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Saudi opens borders to foreign pilgrimage, 10,000 fly in to perform Umrah

Sun 01 Nov 2020    
| 2 min read

Around 10,000 international pilgrims arrived in Saudi Arabia to perform Umrah, after a hiatus of seven months, after the Islamic pilgrimage was halted due to the rising number of coronavirus cases in the Kingdom and worldwide.

According to Deputy Minister of Hajj and Umrah Dr Amr Al-Maddah, the 10,000 pilgrims arriving from abroad must first obtain a permit, Arab News reported on Sunday.

The publication also underscored that upon arrival, pilgrims must isolate for three days before being transported to Miqat sites, the principle boundaries where pilgrims intending to perform Umrah must change into Ihrams.

However, they can stay in the Kingdom for up to 10 days, three of which are in isolation.

As per precautionary measures, 500 groups of international pilgrims are dispersed throughout the day, each with 20 pilgrims. The maximum age limit for international pilgrims is set at 50.

Stressing that the holy mosques will be working at 100% operation to avoid any mishaps, the Saudi official said that if at any stage there is a cause for concern or danger to pilgrims, the ministry will move to evaluate and return to previous stages by decreasing capacity.

Currently, Saudi is the only certified airline allowed to transport pilgrims to and from the Kingdom. Pilgrims seeking to fly in from countries where the carrier does not operate must arrange for their travel through a third party — one accounted for by the Kingdom — the report highlighted.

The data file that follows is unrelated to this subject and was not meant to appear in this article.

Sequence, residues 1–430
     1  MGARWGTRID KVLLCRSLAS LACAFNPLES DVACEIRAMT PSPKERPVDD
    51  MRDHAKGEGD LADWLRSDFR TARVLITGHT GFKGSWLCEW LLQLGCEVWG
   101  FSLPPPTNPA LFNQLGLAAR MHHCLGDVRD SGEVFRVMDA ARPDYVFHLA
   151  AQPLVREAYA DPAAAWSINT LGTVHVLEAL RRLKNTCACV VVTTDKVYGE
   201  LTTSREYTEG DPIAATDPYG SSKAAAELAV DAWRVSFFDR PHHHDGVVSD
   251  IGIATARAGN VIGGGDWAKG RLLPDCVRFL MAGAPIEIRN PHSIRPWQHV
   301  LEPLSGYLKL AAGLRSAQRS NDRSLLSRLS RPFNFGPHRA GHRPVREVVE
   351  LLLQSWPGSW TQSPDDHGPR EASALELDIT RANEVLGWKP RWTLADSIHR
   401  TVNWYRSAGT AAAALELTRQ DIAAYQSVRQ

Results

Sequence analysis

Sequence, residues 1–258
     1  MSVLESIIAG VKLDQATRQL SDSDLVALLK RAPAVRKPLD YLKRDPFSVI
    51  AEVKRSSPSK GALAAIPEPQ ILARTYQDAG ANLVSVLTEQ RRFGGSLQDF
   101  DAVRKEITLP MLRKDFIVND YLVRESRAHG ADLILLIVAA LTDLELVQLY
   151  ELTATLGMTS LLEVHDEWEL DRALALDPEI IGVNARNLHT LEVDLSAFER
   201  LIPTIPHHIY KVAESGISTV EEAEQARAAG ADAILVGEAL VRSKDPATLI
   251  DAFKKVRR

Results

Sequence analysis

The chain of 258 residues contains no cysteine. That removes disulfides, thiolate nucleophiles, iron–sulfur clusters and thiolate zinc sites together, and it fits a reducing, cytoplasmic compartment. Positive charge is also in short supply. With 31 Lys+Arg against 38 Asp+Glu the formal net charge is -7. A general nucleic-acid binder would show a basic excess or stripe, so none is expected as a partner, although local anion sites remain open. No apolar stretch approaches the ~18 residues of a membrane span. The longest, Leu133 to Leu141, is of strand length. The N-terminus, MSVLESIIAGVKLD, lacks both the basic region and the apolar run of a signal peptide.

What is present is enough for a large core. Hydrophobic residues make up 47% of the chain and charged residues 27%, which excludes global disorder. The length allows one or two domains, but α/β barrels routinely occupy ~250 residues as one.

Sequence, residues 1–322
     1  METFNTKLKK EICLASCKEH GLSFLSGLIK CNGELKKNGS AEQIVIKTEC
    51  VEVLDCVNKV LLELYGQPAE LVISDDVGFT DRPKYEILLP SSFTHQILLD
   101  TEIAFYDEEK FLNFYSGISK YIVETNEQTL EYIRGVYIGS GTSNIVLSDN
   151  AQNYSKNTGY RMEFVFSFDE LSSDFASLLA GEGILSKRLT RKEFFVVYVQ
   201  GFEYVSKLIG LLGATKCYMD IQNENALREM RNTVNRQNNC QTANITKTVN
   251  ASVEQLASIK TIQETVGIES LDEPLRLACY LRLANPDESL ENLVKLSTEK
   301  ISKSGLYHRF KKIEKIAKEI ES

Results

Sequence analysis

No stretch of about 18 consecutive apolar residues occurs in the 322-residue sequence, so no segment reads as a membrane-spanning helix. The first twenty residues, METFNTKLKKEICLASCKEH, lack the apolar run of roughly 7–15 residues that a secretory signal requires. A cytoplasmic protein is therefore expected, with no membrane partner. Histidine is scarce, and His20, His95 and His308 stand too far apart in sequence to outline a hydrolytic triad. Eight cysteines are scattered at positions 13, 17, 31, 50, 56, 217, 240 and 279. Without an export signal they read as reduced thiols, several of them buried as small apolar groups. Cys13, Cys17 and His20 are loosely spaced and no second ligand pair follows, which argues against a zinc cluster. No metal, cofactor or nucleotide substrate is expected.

Saudi Arabia is currently in the third phase of its revival of the Umrah service, slotted to pan out in four stages.

In the first phase, 30% of the pilgrims were allowed to perform the pilgrimage, at roughly 6,000 pilgrims per day. This stage began on October 4.

The second phase saw the capacity of the Grand Mosque increase to 75%, at an estimated 15,000 pilgrims and 40,000 worshippers a day, coming into fruition since October 18.

The Kingdom on Sunday opened its borders to permit foreign pilgrims to cross over and perform Umrah, allowing a capacity of 20,000 pilgrims and 60,000 worshippers per day, as of now.

The fourth, and final stage will see the Grand Mosque allow the usual amount of pilgrims.

However, the Kingdom only seeks to implement this when all COVID-19 risks have receded.

[Sourced from Agencies]